Climate Change and Executive Pay: Our Responsible Investing Report Q3 2019
How the world’s priorities and investor priorities don’t have to be mutually exclusive.
3 min read
Over the last quarter, we’ve voted in 38 company shareholder meetings and raised environmental, social or governance (ESG) issues with 30 of the companies we hold in our client funds and portfolios.
Powerful processes and partnerships
At Coutts, we place a lot of importance on responsible investing and the long-term horizons of our clients.
“Companies that are managed responsibly – whether we’re talking about employment practices or social and environmental impact – are less likely to be thrown off course by systemic or regulatory risks,” Leslie explains. “Responsible investing is a key part of our process - from assessing companies before we invest, to working with them through voting and engagement after we’ve invested, all to ensure our clients’ interests are properly represented.”
Strength in numbers
As part of this, we partner with Hermes EOS on our voting and engagement activity. Crucially, Hermes EOS provides a platform for like-minded investors to pool resources, creating a powerful, unified force for positive change.
The organisation is one of the global leaders in helping asset managers to be active owners of their assets. As at 30 September 2019, they advised on $781 billion in assets, creating substantial momentum for positive action. Their diverse team is drawn from government, sciences, academia, banking and law backgrounds, and includes experts on all areas of environmental, social and governance issues.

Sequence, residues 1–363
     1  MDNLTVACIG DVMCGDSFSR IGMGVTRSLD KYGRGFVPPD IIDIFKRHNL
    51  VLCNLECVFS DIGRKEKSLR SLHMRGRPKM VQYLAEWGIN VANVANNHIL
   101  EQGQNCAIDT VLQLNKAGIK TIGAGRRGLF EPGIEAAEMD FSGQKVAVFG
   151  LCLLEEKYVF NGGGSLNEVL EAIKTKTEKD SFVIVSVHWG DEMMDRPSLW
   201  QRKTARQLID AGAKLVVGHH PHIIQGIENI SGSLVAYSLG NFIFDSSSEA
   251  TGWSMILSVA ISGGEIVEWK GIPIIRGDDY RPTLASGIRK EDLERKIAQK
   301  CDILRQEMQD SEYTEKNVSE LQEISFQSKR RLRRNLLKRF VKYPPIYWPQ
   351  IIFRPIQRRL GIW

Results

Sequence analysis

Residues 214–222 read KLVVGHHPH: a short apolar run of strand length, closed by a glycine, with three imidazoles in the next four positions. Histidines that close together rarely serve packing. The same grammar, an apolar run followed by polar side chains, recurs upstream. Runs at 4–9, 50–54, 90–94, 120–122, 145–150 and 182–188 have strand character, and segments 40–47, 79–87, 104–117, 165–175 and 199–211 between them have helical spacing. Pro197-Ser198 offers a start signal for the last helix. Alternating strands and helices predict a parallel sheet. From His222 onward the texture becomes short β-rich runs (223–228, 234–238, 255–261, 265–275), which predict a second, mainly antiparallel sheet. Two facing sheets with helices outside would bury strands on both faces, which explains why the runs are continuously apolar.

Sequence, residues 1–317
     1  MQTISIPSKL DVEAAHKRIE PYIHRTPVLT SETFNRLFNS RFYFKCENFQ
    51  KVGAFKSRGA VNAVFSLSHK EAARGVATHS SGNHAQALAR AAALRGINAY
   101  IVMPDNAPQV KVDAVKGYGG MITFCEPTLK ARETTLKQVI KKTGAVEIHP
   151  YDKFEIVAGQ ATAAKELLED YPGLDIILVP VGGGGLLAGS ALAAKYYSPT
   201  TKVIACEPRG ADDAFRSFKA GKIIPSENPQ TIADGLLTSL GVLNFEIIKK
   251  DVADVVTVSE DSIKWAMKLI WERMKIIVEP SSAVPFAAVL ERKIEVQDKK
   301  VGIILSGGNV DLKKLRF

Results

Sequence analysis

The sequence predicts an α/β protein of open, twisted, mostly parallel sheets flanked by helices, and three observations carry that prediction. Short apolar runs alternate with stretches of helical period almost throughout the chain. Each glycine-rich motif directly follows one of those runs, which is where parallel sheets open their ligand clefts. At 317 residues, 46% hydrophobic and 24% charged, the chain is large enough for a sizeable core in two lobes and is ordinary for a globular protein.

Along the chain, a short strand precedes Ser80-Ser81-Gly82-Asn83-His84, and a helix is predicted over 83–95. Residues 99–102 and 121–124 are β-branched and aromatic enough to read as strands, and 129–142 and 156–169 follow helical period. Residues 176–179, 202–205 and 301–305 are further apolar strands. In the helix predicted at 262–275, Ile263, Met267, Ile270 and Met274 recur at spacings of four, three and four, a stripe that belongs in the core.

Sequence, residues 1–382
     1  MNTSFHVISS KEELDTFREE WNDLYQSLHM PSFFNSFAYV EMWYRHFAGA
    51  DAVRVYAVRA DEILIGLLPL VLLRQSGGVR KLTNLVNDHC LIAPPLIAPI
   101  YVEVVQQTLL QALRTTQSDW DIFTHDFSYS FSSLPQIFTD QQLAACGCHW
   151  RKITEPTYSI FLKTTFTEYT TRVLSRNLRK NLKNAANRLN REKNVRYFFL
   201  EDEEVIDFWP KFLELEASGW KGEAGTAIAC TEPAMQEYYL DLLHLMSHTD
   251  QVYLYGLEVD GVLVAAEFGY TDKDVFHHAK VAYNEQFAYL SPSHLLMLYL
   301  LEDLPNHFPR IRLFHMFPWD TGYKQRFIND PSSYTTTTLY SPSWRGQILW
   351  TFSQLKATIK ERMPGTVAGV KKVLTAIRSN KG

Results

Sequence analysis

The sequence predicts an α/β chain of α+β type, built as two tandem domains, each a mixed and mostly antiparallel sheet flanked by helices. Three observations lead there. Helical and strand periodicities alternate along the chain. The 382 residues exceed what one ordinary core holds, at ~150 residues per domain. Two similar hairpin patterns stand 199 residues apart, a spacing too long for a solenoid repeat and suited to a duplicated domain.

“We share the concerns of shareholders throughout the world,” says Leslie, “Working with Hermes helps us have the maximum impact by pooling our voting entitlement and engaging collectively on policies and issues that matter to us all.”
The concerns of the future
In 2020, one of the areas that Hermes EOS will be giving particular attention to is land use and environmental management associated with food production.
As well as contributing to climate change – accounting for around 14.5% of greenhouse gas emissions, according to the United Nations Food and Agriculture Organisation (UNFAO) – keeping livestock can fuel deforestation and reduce biodiversity as land is cleared for the animals.
The boom in non-meat alternatives in mainstream supermarkets shows the growing awareness of the environmental and health benefits of reducing our reliance on animal-based foods. The company Beyond Meat, which produces burgers from pea protein, had to delay its UK launch due to spiralling demand in the US, while dairy alternatives like soya and coconut milk are increasingly popular.
Despite this trend, demand for animal protein is expected to grow by 70% by 2050, according to the UNFAO. This will place increased pressure on the environment, making responsible management of livestock resources a vital concern for meeting the environmental goals of the Paris Agreement.
“We invest in several companies operating in this area,” says Leslie. “We’ll be working with Hermes EOS to make sure they’re managing their resources consciously.
“This is just one way we can help protect the long-term interests of our clients, both as investors and as concerned citizens of the world.”
When investing, past performance should not be taken as a guide to future performance. The value of investments, and the income from them, can go down as well as up, and you may not recover the amount of your original investment.
Our voting and engagement in numbers, Q3 2019
About Coutts investments
With unstinting focus on client objectives and capital preservation, Coutts Investments provide high-touch investment expertise that centres on diversified solutions and a service-led approach to portfolio management.Discover more about Coutts investments